Law school has changed since I graduated in 1981. As a professor at Fordham and NYU Schools of Law, I have had students walk in late, text and surf the internet during class. To this day, my first reaction is always the same: this would never have happened in Professor Becker’s class!
Debra Wolf, Class of 1981
I recall the first day of Real Property class, “Mr. Goldstein, what is a tenement?” My immediate thought was –a place in which I never wanted to live. (Actually, a tenement was a form of real property in which I had no future interest.) My response at the time was something akin to “Duh?” David moved on to the next victim of the Socratic method.
Over the years David’s role in my life transitioned from teacher to mentor. When my older son attended Wash. U as an undergraduate, David was there as an integral part of his support network–and host at Passover Sedars. He was also very persistent, but diplomatic in making sure that I let my son make up his own mind to go to law school. He did, and now we practice together. Thank you David.
Eugene Goldstein, J.D. 1970
I first met David in 1974 when my husband, Stuart, was a student of his. Their relationship evolved into a very close friendship so much so that when Stuart passed away in 2007, David was the natural person to deliver the eulogy, and he did so with great eloquence. Since then, David and Sandi have been a tremendous support, making me feel like family. I can’t overstate this. David is one of those rare people whom when he asks how are you, he really wants to know. He is genuinely interested, and a superficial answer does not suffice. He has an amazing capacity to connect, always with kindness, perspective, and humor. Perhaps Stuart summed it up best on the occasion of another 50th milestone, David’s 50th birthday. Stuart offered a toast which ended as follows: “Fittingly, we conclude with a question. David often asks it, and tonight we will give the definitive response. Are we happy? Yes, we are all happier because we know David.”
– Rhea Oelbaum, wife of Stuart Oelbaum JD 1977
Professor Becker’s dedicated teaching, his caring, and his love of the law: all of these have inspired and continue to inspire me. I became a law professor myself, so his style and persona have been in my thoughts consistently over the years as I aspired to his kind of greatness (an impossible goal). But what gift to have had him as a teacher, and what great fortune to have had him as a role model and lodestar in my own career.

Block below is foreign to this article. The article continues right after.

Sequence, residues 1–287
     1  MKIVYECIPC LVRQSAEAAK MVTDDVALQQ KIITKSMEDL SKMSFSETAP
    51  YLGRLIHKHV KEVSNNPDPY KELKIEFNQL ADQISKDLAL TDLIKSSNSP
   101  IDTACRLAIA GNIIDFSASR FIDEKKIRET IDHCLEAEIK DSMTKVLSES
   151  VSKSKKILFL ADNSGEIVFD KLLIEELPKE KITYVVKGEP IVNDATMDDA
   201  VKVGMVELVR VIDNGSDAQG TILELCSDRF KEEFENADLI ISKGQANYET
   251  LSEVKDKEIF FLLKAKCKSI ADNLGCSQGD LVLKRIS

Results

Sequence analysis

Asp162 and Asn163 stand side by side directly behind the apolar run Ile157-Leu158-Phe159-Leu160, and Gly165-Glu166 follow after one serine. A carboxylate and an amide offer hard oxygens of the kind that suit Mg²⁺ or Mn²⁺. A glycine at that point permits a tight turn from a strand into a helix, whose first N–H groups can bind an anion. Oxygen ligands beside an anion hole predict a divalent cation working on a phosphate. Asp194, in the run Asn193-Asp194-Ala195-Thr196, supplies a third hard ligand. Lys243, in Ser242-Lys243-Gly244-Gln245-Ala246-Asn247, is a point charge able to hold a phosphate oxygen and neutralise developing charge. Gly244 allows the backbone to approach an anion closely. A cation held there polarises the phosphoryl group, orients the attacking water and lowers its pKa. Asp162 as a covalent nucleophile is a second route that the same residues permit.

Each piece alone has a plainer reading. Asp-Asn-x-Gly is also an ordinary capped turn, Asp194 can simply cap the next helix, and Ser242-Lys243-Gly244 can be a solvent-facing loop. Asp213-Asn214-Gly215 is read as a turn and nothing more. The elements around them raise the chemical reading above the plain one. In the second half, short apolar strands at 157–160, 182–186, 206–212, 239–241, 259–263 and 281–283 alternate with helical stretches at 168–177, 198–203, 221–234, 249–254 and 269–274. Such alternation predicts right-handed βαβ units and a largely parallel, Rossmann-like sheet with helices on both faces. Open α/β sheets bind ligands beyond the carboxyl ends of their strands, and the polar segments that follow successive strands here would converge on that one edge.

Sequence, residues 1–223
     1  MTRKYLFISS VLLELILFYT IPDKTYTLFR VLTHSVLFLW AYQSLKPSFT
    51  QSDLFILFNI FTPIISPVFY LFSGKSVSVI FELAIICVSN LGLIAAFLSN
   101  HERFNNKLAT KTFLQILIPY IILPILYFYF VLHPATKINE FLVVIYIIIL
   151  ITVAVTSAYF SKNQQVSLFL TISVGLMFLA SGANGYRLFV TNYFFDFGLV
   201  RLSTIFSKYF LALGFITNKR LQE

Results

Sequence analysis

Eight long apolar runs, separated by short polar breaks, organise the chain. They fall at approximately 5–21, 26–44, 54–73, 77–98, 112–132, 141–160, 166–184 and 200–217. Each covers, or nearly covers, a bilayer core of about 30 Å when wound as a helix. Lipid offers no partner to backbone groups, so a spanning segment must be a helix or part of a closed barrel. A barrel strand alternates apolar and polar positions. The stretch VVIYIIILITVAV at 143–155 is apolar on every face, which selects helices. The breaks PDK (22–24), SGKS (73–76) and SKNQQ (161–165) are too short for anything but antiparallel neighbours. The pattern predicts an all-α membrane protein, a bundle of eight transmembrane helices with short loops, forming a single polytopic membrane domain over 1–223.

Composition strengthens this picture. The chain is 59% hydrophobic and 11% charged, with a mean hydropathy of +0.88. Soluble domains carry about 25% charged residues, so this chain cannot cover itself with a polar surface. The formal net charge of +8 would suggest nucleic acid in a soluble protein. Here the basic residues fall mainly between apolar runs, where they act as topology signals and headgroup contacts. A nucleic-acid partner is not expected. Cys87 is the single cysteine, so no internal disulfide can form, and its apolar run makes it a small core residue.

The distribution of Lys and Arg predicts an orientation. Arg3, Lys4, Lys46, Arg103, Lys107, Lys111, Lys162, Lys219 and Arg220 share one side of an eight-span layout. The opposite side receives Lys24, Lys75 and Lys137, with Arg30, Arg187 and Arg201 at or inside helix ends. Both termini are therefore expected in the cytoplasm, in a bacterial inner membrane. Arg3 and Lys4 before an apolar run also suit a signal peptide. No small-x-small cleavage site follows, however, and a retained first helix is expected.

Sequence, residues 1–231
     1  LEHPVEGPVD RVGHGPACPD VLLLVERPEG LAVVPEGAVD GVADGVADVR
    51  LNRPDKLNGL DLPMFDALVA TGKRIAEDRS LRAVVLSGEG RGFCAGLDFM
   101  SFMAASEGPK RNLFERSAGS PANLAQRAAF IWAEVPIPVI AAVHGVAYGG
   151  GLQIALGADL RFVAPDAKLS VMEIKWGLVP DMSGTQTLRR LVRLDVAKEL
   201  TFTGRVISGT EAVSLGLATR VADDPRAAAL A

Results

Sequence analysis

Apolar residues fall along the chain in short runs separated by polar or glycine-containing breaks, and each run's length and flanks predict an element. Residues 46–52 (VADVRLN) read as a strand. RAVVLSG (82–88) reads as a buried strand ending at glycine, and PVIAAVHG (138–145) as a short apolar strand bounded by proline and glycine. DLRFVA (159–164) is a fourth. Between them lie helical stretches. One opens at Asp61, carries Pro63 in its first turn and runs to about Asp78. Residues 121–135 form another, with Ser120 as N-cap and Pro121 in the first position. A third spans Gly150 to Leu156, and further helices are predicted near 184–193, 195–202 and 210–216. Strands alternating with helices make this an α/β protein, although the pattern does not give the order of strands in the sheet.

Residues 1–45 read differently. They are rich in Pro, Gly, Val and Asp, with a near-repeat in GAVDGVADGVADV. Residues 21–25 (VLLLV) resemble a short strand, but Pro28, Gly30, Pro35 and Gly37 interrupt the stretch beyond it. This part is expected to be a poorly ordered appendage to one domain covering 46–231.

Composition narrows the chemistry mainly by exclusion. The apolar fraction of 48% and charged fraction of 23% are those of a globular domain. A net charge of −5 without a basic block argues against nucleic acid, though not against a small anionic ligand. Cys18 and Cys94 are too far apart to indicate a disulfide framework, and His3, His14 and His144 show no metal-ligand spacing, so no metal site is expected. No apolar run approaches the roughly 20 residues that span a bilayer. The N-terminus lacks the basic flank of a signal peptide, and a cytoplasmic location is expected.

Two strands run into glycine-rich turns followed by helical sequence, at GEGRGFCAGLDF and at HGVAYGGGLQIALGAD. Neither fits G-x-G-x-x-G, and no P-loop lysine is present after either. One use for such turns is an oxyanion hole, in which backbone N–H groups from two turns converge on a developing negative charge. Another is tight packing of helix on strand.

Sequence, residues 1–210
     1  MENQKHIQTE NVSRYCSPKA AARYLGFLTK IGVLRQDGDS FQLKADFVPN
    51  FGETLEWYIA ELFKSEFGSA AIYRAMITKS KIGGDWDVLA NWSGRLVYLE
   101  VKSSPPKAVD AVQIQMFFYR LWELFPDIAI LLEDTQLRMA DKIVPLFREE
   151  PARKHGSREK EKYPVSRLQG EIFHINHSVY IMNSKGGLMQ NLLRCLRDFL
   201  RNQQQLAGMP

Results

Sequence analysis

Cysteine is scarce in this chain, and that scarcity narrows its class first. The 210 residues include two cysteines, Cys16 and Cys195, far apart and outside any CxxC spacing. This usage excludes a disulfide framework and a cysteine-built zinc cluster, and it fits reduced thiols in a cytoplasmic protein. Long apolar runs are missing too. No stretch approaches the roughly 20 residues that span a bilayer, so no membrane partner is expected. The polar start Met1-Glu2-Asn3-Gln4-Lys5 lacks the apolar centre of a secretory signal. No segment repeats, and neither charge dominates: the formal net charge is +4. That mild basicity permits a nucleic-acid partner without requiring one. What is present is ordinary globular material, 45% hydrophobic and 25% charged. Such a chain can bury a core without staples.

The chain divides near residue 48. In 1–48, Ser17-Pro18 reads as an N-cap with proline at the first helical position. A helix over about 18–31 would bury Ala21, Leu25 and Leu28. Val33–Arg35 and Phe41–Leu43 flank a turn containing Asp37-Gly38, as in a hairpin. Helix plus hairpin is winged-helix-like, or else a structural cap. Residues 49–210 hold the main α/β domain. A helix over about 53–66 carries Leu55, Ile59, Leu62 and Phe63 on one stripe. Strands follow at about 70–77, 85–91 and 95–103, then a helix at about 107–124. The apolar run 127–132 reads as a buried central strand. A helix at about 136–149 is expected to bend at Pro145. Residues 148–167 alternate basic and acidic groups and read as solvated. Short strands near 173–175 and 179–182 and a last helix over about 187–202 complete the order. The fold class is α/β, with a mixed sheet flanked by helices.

– Sheila (Krawll) Hyatt, JD ’74
David’s dedication to and love for the Washington University School of Law is so complete that he has turned his back on every bedrock principle of his youth. He grew up a dedicated Blackhawks fan-but no more. He grew up having his karma for the upcoming week shaped and influenced by the success (or lack thereof) of the Bears-but no more. He grew up dreaming of playing shortstop for his beloved Cubs-but no more. Rarely has a turnabout been more complete or profound. Surely it is a measure of what the School, its students and its faculty have meant to Dave. Perhaps if the Cubs won more often, maybe if the Bears were more consistently strong, if only the Blackhawks had ascended earlier the future would have been different and we might never have known who owned the calf!
– Michael King JD70
Professor Becker stands out in my mind as extraordinary not only because he was a masterful teacher but also because he genuinely cared about his students and created an enduring bond with many of us. Dave has kept in touch with many of his students and follows their accomplishments long after graduation, perhaps because he knows that their professional accomplishments are also his. I last spoke with Dave in St. Louis at my 45th reunion. He spoke about the accomplishments and experiences of some of my classmates as if they were his personal friends and so many years had not gone by. The mere fact that he can remember so many of us including me demonstrates a unique connection that I find a personal treasure. I am so very pleased to participate in honoring Dave on his 50th.
– John I. Karesh JD70
Weekly I am reminded that “we go nowhere by accident, wherever we go God has sent us for a purpose”. This is the only explanation I have for going to the Washington U Law interview my senior year at Holy Cross College in Worcester, Massachuesetts. On paper many of my classmates were more likely to be accepted at Wash U than I. I went anyway and met Dave Becker for the first time. I didn’t know then the influence this man would subsequently have on my life, my perspective and my future career choices. Dave Becker saw something in me that day that I hadn’t seen in myself. His belief in my abilities gave me confidence that I could achieve my life’s dream of a career in Law.
-Hon. Orion Douglass JD71
On a trip to India, ten years or so ago, my wife and I encountered a young couple having breakfast in the hotel restaurant. Recognizing each other as fellow Americans, the conversation went as follows:
They: “Hello, there! Where are you from?”
Us: “We’re from St. Louis.”
They: (husband) “That’s a coincidence. I spend time in St. Louis. In fact, I graduated from Wash U. Law School.”
Us: (husband) “I used to teach at the Law School as an Adjunct Professor.”
They: (husband) “Then you must know my favorite Professor, David Becker!”
Us: (also with enthusiasm) “We do know David Becker! He is a long-time, personal friend!”
So, David, you can rest assured that you are known far and wide by so many and remembered so fondly by all.
Congratulations! No one deserves the honor you are receiving more than you.
Gene and Marlene Zafft